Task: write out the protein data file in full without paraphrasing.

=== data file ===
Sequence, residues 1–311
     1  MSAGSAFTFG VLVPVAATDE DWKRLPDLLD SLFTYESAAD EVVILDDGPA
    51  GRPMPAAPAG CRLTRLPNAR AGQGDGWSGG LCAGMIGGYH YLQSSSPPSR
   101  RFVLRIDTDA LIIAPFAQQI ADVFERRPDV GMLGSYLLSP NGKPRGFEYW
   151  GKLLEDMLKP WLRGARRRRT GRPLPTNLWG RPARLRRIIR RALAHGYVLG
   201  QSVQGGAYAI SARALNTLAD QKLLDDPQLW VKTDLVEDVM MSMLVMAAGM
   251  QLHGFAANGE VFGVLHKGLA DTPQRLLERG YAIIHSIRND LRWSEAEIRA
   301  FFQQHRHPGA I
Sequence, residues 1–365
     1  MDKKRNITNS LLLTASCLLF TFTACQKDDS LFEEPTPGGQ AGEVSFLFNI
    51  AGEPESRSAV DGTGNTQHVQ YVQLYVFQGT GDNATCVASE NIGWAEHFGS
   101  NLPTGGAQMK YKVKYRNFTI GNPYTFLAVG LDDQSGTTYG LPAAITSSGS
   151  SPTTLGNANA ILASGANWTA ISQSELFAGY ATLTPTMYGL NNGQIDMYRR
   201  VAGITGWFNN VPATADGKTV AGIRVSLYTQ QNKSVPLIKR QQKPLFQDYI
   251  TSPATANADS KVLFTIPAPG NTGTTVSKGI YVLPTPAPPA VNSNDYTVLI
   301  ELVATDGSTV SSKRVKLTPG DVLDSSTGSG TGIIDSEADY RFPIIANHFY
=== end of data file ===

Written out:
Sequence, residues 1–311
     1  MSAGSAFTFG VLVPVAATDE DWKRLPDLLD SLFTYESAAD EVVILDDGPA
    51  GRPMPAAPAG CRLTRLPNAR AGQGDGWSGG LCAGMIGGYH YLQSSSPPSR
   101  RFVLRIDTDA LIIAPFAQQI ADVFERRPDV GMLGSYLLSP NGKPRGFEYW
   151  GKLLEDMLKP WLRGARRRRT GRPLPTNLWG RPARLRRIIR RALAHGYVLG
   201  QSVQGGAYAI SARALNTLAD QKLLDDPQLW VKTDLVEDVM MSMLVMAAGM
   251  QLHGFAANGE VFGVLHKGLA DTPQRLLERG YAIIHSIRND LRWSEAEIRA
   301  FFQQHRHPGA I
Sequence, residues 1–365
     1  MDKKRNITNS LLLTASCLLF TFTACQKDDS LFEEPTPGGQ AGEVSFLFNI
    51  AGEPESRSAV DGTGNTQHVQ YVQLYVFQGT GDNATCVASE NIGWAEHFGS
   101  NLPTGGAQMK YKVKYRNFTI GNPYTFLAVG LDDQSGTTYG LPAAITSSGS
   151  SPTTLGNANA ILASGANWTA ISQSELFAGY ATLTPTMYGL NNGQIDMYRR
   201  VAGITGWFNN VPATADGKTV AGIRVSLYTQ QNKSVPLIKR QQKPLFQDYI
   251  TSPATANADS KVLFTIPAPG NTGTTVSKGI YVLPTPAPPA VNSNDYTVLI
   301  ELVATDGSTV SSKRVKLTPG DVLDSSTGSG TGIIDSEADY RFPIIANHFY